The Kenebec Floating Back Rocking Chair

6 May 2024

The new Kenebec Floating Back Rocker in Claro walnut and Spinneybeck leather

We wanted to make a new rocking chair, re-thinking all aspects of the process from our perspective as designers and makers of handmade furniture.

Tor wanted something radically new, a mutation, Bob wanted classic Darwinian evolution. Bob was leading the charge on this one. We settled on transformation from the past.

The signature joinery and flexible back slats of the Kenebec Rocking Chair

We love Scandinavian Design: Hans Wegner, Finn Juhl and Peder Moos. We studied their work in preparation for this project. Juhl’s Chieftain Chair particularly caught our eye.

We make comfortable seating and are recognized for this trait. We didn’t want to lose this reputation, creating a new piece of chair sculpture that no one would sit in was not what we were after. We decided to include some of our known design successes, in particular our back support system.

Unlike our South Yuba Rocking Chair, the Kenebec has an upholstered seat

We also wanted to move away from the Sam Maloof style of chair without abandoning it completely. Wegner and Maloof enjoyed contoured molded joints as did Moos. It’s a Danish Modern thing.

We settled on an approach where the rocker would appear to be grown out of our 50 years of designing and making chairs, remaining part of our style, the contemporary Arts and Crafts tradition. We also wanted a soft seat.

The arm to backpost to seat section of the chair is where it all comes together

Bob worked with a pencil to start and Tor offered critiques and suggestions, significantly changing the direction at several key steps in the design process. Bob built three ponderosa pine prototypes in an evolution of ideas, function and construction. Tor used his Rhino computer program to design some joints and made jigs to execute this joinery. The result is a chair that is comfortable, beautiful, and original.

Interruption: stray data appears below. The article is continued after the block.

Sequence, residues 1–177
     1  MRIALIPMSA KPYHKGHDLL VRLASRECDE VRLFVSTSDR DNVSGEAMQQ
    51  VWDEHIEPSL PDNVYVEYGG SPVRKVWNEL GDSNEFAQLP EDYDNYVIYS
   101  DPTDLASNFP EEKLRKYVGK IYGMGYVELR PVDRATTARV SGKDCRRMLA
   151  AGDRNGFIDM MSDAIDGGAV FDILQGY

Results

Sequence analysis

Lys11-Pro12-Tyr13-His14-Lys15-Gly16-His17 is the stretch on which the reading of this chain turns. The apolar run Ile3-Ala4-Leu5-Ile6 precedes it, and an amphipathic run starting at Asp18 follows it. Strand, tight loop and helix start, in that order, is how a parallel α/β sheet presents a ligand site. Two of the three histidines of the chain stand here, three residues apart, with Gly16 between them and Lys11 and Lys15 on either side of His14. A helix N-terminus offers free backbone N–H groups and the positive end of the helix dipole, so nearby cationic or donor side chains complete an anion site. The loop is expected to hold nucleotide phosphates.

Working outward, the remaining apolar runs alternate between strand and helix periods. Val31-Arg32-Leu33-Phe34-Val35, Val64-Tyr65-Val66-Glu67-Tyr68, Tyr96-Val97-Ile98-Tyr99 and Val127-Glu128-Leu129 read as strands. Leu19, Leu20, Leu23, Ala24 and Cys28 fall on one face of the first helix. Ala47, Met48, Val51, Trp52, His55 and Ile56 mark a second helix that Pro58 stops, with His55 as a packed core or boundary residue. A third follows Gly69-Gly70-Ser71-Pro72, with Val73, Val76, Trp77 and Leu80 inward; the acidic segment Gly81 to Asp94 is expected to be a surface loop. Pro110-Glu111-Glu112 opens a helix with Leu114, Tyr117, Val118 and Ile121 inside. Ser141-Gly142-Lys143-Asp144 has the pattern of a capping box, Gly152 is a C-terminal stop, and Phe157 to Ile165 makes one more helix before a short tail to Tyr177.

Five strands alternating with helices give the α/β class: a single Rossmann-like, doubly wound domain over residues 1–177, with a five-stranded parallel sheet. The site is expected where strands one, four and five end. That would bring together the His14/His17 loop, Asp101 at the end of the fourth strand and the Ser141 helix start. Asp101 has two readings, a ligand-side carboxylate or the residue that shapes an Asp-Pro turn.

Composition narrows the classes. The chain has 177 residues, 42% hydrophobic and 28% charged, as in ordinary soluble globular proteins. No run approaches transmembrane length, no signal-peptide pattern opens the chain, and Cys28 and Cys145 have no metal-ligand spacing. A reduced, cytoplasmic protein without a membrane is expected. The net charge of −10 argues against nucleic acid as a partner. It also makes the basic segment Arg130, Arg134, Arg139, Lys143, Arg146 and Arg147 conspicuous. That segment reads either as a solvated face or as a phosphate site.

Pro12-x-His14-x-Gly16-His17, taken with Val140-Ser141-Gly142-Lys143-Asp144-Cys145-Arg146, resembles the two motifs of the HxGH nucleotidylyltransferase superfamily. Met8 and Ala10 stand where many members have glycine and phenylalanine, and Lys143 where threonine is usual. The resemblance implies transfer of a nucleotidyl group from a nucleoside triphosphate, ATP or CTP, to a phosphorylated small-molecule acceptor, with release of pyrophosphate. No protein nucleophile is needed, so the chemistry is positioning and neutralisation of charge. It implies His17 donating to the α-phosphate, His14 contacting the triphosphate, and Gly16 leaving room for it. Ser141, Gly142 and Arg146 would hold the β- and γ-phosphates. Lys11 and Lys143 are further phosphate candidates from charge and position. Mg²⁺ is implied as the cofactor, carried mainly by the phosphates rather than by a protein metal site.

An early prototype in ponderosa pine

The main design break through was Tor’s idea of using the arm as a cantilevered platform to support the back post which in turn would capture the headboard and receive our “Floating Back Slats”. To accomplish this we looked closely at the physical demands on this component and sketched a form that reflects the forces.

It was an inverted ax handle. The shape of the ax handle describes the forces at play. So does our back post.

“For me it was an epiphany. I was drawing a functional form to be strong and durable, everyone saw it as an ax handle: maybe it should be called “The Ax Handle Rocker” –Bob

The “axe handle” style joinery of the back post to the arm is one of the distinctive features of this chair

Working in soft pine at the prototype stage allows one to see and feel the strength of the various aspects of the chair knowing that if it is strong in pine it will be even better in a hardwood. Of course it also allows us to sit in the chair and walk around and observe its form from all sides without the expense of hardwood lumber.

The stages of the Kenebec Rocking Chair from start to finish